understanding, eager to soothe hurt feeling, soft-spoken, warm, tender, gullible, childlike, does not use harsh language, loves children, gentle, and femininity.

“A company is an organic, living, breathing thing, not just an income sheet and balance sheet,” says former Hewlett-Packard Chairman and CEO Carly Fiorina. The feminine style of nurturing is becoming more acceptable.

TRAIT NO. 7: Watch out for “Glass Cliff”

Women are more likely to accept high risk opportunities that their male counterparts avoid – this is called “Glass Cliff” phenomenon. Organizations view t a l e n t e d w o m e n l e a d e r s a s indispensable, and these firms are truly hopeful that these talented women can perform miracle. Though sounds contradictory, in fact women are more risk takers than their male counterparts.

Women are politically savvy on responding when opportunities are presented to them. They treat failure as opportunity to learn and not the end itself.

TRAIT NO. 8: Getting results

Women are very good in teamwork but getting results is one of the categories in which women have earned highest scores in most of the studies than their male counterpart.

Jackie Streeter, Apple Computer Inc.’s vice-president for engineering says she has repeatedly volunteered to shift dozens of employees out of her division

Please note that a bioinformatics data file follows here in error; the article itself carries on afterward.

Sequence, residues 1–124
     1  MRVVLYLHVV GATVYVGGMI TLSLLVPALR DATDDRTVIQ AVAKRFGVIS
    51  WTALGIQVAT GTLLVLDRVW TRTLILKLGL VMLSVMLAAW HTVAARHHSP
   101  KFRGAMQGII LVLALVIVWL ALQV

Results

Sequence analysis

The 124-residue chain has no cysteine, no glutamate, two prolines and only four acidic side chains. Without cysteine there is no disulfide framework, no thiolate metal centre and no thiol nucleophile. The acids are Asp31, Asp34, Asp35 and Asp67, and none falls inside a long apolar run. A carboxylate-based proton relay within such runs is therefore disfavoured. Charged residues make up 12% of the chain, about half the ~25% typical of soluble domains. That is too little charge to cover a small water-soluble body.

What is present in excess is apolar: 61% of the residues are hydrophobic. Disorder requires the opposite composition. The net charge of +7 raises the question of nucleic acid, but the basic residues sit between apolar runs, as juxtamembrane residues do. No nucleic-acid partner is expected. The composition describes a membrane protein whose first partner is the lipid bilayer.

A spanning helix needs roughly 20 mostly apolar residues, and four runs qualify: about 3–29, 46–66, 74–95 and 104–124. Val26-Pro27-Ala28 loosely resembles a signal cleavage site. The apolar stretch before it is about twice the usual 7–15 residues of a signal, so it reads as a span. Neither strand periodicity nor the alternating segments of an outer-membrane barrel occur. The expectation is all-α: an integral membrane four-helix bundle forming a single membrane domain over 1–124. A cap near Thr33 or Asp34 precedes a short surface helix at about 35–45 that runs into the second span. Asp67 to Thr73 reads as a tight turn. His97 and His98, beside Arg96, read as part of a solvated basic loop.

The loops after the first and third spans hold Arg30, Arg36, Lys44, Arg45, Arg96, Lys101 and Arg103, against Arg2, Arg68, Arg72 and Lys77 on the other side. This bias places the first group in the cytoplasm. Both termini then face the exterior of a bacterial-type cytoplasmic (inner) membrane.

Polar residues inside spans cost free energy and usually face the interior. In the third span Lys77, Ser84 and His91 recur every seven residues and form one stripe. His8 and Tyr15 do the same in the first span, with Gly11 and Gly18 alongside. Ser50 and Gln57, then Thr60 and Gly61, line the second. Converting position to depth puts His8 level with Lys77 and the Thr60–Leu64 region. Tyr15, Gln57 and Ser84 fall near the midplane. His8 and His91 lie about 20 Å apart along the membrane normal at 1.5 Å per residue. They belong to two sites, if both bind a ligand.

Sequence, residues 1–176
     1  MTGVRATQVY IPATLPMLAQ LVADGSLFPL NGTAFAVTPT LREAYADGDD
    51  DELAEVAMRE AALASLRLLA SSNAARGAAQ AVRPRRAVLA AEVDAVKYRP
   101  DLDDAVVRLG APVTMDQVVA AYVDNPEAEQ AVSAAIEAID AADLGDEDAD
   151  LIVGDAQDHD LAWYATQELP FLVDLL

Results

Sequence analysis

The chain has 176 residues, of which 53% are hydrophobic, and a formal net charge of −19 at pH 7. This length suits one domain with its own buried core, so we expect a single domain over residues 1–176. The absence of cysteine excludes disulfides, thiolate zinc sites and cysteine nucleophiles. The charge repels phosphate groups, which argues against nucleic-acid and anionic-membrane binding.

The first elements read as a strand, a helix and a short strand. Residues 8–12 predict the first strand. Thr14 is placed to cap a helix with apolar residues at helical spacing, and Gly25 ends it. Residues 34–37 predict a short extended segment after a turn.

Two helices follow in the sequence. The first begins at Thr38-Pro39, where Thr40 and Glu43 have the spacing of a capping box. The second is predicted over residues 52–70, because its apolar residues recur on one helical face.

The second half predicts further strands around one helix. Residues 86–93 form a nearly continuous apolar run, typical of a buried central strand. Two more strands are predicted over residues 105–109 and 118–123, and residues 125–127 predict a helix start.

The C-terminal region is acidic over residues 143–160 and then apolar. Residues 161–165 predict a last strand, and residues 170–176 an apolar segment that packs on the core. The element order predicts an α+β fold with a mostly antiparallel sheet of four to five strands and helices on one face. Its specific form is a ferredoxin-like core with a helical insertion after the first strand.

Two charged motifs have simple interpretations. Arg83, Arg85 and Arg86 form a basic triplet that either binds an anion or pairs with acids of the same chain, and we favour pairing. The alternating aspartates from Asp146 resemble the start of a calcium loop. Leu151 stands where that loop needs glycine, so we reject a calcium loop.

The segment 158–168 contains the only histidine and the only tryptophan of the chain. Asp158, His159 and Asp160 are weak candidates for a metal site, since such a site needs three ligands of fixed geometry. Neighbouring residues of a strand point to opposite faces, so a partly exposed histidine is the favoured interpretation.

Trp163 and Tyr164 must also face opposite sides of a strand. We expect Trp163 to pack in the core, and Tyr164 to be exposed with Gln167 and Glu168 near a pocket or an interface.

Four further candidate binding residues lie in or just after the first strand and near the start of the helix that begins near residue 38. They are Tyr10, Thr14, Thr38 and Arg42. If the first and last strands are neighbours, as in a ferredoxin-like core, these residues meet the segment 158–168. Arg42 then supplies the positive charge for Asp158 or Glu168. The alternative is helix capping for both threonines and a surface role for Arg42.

because she felt they would better fit into a different department—a move that she says ‘’startled’’ her male colleagues. ‘’It’s not the size of your organization that counts but the size of the results you get,’’ says Streeter, who has 350 people working for her.

TRAIT NO. 9: Women ask questions

Women have the courage to ask the seemingly ‘dumb’ questions. They know that asking questions uncovers the true feelings and perspectives around the table.

They have an ability to ask questions in a way that draws people in and builds trust. The gentle nature that many women naturally have creates an inviting environment of safety and interest. It’s easier for employees to speak their point of view when they know it is wanted and valued.